Responsible tourism

Responsible tourism: Genghis Khan warrior training in Mongolia

Environment

We are committed to running our business and tours in a way that is environmentally, culturally and socially responsible. We encourage our guests and suppliers to work with us to travel and operate in a way that conserves and protects the areas we visit and bring positive benefits to local communities. We are therefore committed to continual improvement in our environmental performance, preventing pollution and minimising our effects through a complete programme of annual reviews of our expeditions and try to make our activities environmentally and socially positive.

We strive at all times to respect the natural environment and never deplete it. We also endeavor to ensure a safe and viable future for the Nomadic people of Mongolia by working with these people and helping them to attain their needs, by learning about their culture and traditions and by educating others in these areas. The nomadic culture is a warm and hospitable one but please remember that we are only guests in this wonderful country. We ask all our clients to come to Mongolia with this same level of respect for the people, customs and environment.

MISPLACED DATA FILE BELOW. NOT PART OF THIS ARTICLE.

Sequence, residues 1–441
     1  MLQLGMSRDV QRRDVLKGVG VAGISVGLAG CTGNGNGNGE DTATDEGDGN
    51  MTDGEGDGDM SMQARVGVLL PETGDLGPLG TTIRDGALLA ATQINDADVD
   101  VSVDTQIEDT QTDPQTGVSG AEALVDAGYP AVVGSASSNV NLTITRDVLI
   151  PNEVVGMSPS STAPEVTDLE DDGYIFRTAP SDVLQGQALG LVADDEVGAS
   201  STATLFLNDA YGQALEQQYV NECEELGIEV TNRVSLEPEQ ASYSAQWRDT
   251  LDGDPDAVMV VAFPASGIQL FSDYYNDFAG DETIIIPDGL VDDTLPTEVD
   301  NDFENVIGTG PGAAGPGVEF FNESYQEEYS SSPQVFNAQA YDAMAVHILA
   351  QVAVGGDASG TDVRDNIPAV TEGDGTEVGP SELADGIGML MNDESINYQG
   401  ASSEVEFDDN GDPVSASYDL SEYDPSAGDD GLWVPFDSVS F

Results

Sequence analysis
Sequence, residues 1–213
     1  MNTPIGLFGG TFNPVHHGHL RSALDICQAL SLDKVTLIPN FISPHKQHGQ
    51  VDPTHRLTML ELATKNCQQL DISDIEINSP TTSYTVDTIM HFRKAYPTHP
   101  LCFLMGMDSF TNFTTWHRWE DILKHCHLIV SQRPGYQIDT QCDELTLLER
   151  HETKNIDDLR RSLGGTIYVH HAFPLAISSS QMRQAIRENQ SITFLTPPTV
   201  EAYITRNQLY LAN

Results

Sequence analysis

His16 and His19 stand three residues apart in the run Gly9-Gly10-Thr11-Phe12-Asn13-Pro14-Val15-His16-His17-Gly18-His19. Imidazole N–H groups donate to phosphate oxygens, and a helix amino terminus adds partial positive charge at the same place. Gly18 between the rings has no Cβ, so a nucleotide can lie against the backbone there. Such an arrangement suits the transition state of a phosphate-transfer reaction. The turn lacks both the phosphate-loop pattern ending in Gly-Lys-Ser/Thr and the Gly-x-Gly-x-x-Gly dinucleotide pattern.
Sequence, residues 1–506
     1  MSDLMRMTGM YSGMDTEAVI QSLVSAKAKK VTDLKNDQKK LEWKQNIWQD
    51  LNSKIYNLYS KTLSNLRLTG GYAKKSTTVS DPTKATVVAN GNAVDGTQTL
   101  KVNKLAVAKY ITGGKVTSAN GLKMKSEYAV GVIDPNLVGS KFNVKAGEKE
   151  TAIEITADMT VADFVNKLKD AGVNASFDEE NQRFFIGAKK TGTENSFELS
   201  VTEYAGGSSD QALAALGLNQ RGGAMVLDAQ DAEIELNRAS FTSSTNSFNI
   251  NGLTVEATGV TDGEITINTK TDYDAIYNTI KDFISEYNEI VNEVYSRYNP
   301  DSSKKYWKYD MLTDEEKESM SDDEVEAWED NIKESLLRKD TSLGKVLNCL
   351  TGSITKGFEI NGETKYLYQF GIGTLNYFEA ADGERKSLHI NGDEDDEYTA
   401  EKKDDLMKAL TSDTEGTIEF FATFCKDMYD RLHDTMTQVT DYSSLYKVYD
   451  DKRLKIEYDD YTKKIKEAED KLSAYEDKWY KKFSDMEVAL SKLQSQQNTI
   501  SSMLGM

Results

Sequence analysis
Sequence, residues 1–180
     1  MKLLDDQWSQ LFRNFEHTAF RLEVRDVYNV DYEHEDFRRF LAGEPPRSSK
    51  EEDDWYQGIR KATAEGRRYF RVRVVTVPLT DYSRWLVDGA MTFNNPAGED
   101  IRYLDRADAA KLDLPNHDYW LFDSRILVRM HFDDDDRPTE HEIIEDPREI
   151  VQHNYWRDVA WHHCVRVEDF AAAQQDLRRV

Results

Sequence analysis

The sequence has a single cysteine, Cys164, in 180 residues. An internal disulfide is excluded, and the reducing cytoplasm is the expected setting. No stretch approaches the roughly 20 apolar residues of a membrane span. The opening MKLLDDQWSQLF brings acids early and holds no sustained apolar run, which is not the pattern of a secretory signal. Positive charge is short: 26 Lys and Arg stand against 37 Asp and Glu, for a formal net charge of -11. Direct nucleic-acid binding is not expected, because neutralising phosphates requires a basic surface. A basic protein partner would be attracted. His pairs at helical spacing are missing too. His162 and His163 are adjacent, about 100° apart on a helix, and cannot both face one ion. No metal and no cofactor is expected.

Environment
Ecotourism in Mongolia is only in its early stages. It is our intention to help develop this area in Mongolia. As such we always attempt to keep high environmental standards on our treks and train our staff to do likewise. The guiding principle is one of leaving the land and natural resources in a better condition than we found them in. A philosophy of ‘leaving no trace’ of our presence guides all of our travel.

Dispose of all garbage (refuse) including cigarette butts and matches and any paper or plastic scraps. We avoid any on site disposal of garbage and provides adequate bins for clients to dispose of any waste. They will be disposed of properly at the end of the trip.